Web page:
The leading journal Nature is getting abundant experience in dealing with scientific fraud nowadays. Hard on the heels of an investigation into the cloning research of disgraced Korean stem cell scientist Hwang Woo-suk, Nature has discovered that several papers from a Japanese laboratory were probably faked.
The problem came to light last year when the RNA Society of Japan asked Tokyo University to investigate a dozen papers from a lab run by biochemist Kazumari Taira, following complaints from other researchers. Taira and his co-author Hiroaki Kawasaki were unable to supply some data — because of bad record-keeping and computer failure, Taira said. And then it appears that Kawasaki faked the data which he did supply. This was detected because he allegedly used software which was not available in 2003 when the experiment was conducted.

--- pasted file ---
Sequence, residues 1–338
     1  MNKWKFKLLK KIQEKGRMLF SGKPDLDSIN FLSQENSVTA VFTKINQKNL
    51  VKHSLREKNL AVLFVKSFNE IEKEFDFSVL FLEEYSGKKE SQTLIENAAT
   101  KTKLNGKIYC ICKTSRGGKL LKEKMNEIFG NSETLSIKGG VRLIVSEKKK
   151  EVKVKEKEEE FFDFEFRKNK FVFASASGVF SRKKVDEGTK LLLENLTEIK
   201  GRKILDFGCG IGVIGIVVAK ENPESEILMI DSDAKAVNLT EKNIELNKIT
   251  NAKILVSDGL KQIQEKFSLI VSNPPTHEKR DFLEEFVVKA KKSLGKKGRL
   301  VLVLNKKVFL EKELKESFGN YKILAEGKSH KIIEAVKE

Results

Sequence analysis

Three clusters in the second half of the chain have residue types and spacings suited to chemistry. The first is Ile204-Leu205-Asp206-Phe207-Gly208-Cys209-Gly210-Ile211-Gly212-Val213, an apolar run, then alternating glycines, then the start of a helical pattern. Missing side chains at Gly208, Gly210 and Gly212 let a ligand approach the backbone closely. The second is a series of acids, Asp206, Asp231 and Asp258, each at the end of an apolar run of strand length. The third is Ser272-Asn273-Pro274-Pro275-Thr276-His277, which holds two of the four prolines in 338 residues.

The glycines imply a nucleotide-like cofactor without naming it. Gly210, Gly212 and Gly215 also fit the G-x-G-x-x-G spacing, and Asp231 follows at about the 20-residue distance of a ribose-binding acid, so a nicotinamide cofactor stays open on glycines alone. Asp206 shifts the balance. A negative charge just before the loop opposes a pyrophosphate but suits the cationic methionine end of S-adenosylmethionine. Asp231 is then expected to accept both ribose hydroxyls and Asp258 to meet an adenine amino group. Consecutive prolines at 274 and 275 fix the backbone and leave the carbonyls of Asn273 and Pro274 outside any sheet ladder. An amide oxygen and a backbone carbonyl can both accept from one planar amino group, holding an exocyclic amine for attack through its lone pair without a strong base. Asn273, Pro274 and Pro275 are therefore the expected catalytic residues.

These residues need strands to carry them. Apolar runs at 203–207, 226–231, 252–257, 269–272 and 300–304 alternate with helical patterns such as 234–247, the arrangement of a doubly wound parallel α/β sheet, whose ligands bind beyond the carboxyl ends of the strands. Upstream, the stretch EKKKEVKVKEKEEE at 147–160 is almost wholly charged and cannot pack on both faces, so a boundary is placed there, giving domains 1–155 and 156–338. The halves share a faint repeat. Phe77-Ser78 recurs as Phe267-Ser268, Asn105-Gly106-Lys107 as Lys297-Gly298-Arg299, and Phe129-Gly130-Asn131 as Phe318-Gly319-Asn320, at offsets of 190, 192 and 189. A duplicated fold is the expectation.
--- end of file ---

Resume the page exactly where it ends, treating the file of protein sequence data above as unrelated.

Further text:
Now the university has decided that there is a "high possibility" that a dozen papers on RNA technology from Taira’s lab have been faked. According to a March 29 statement, the papers had "no reproducibility and no credibility". Taira has already asked that five of his papers be retracted, although Kawasaki has refused to do so. A university committee is to submit a report on the scandal this week.
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